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The New Surgeon General Just Said That Pot Can Be Good For You

He said the science on the issue should drive U.S. drug policy.

Posted on February 5, 2015, at 5:35 p.m. ET

U.S. Surgeon General Vivek Murthy told CBS medical marijuana may be helpful in treating certain medical conditions.

"We have some preliminary data showing that for certain medical conditions and symptoms, medical marijuana can be helpful," said Murthy, who took up the post in December. "You have to use that data to drive policy-making."
AP Charles Dharapak

"We have some preliminary data showing that for certain medical conditions and symptoms, medical marijuana can be helpful," said Murthy, who took up the post in December. "You have to use that data to drive policy-making."

But he's not explicitly backing legalization.

After Murthy's interview, the Department of Health and Human Services released a statement on his behalf:

While clinical trials for certain components of marijuana appear promising for some medical conditions, neither the FDA nor the Institute of Medicine have found smoked marijuana to meet the standards for safe and effective medicine for any condition to date.

It's incredibly difficult for researchers to get approval to look into medical marijuana, and existing research is very limited.

The process of requesting funds is tedious, as prospective researchers must get approval from multiple federal agencies. Getting the go-ahead isn't easy.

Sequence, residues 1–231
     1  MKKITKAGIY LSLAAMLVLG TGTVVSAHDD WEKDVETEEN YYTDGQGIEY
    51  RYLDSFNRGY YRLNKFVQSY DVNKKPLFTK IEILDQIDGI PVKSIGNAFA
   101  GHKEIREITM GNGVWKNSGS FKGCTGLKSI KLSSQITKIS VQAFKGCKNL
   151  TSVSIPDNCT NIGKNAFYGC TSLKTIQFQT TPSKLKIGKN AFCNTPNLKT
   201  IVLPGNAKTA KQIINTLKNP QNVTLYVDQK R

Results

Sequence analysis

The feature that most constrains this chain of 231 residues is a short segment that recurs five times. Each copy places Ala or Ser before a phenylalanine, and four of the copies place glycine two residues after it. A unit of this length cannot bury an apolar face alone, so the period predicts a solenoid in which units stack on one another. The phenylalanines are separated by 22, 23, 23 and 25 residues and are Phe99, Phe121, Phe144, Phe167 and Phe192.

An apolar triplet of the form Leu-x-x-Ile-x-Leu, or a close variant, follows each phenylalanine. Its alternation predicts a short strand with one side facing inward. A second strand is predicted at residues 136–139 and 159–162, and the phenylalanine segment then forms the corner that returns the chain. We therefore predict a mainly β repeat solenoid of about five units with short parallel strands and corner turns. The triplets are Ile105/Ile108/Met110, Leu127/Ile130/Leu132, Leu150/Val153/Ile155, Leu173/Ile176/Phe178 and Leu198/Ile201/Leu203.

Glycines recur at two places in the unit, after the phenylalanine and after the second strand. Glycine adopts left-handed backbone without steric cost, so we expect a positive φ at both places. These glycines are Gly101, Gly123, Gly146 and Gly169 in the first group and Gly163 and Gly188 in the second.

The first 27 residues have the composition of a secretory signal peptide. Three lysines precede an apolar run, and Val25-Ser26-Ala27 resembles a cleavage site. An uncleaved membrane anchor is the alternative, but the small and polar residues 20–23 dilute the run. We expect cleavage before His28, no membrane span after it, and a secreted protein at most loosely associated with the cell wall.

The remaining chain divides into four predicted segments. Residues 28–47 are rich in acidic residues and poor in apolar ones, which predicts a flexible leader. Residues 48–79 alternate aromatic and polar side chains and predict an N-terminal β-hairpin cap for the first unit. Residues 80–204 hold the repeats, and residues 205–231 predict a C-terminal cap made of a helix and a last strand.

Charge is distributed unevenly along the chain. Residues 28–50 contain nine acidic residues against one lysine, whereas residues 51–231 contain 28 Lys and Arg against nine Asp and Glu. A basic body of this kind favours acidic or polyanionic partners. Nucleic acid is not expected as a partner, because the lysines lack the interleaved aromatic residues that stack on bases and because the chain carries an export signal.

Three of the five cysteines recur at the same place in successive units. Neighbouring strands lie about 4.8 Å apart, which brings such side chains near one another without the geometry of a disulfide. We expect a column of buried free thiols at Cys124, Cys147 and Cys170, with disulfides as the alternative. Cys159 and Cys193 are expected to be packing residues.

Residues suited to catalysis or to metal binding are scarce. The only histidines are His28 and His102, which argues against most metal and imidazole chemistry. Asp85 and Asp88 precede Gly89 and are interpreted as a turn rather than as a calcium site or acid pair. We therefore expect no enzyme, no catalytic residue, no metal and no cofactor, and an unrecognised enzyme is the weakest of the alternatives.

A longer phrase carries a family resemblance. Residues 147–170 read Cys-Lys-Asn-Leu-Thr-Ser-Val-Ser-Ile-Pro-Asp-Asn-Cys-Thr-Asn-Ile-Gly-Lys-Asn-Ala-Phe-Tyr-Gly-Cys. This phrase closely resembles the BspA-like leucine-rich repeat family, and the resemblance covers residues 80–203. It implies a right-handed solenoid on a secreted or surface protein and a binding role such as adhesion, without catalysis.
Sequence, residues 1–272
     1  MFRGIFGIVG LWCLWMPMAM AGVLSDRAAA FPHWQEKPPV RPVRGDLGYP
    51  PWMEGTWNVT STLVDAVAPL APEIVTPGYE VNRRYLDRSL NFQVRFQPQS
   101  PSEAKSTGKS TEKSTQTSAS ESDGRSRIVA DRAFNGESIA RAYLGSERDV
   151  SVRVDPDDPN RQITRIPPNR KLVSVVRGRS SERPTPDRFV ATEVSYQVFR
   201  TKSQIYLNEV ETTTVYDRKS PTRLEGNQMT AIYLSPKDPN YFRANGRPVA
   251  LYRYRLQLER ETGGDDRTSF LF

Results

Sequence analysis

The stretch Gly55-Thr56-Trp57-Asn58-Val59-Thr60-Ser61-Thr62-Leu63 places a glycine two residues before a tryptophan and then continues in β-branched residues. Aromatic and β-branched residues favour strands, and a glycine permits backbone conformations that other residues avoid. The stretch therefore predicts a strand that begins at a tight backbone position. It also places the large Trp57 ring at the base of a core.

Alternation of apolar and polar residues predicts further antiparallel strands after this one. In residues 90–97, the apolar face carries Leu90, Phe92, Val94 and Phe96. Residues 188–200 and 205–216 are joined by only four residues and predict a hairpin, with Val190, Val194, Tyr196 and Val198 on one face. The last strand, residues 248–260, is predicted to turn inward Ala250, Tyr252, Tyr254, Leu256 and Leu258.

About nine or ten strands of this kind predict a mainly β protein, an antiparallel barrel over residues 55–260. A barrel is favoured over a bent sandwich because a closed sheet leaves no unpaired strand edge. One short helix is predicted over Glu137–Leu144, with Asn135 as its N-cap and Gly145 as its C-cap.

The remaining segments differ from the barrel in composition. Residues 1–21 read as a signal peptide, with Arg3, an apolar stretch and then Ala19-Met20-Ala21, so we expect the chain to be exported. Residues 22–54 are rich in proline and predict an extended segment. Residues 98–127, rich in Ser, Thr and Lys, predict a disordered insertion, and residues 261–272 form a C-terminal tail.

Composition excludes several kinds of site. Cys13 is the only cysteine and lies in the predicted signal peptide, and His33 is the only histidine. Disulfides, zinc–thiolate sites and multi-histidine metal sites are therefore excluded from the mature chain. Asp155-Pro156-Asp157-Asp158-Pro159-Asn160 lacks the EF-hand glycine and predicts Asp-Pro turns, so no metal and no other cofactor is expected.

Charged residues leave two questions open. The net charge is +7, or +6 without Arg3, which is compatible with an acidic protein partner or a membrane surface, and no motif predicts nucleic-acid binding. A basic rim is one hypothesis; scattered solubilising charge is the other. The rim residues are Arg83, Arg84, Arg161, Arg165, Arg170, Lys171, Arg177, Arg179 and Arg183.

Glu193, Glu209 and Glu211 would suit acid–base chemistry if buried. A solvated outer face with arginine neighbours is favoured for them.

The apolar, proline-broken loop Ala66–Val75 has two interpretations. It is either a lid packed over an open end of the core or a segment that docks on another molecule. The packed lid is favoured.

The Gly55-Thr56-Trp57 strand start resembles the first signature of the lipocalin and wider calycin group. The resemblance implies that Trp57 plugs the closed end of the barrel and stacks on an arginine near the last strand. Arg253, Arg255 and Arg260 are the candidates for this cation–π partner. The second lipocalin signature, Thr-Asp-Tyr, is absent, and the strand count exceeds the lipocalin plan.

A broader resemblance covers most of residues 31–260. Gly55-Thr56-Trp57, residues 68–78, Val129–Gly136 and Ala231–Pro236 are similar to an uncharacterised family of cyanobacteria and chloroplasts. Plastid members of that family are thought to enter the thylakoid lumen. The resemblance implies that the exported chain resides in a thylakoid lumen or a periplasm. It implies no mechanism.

Jason Redmond / Reuters

Despite the federal ban on marijuana use, 23 states so far have legalized pot for medical purposes.

Washington, Oregon, Alaska, Colorado, and Washington, D.C. have even legalized pot for recreational use.Though federal policy hasn't changed, President Barack Obama put it this way to YouTube vlogger Hank Green in January: “We’re not going to spend a lot of resources trying to turn back decisions that have been made at the state level on this issue.”
AP Elaine Thompson

Washington, Oregon, Alaska, Colorado, and Washington, D.C. have even legalized pot for recreational use.

Though federal policy hasn't changed, President Barack Obama put it this way to YouTube vlogger Hank Green in January: “We’re not going to spend a lot of resources trying to turn back decisions that have been made at the state level on this issue.”

The White House also hasn't yet commented on Murthy's take.

In January, they told BuzzFeed News, "The Federal Government opposes drug legalization because it runs counter to a public health and safety approach to drug policy."

Watch Murthy's full interview here.

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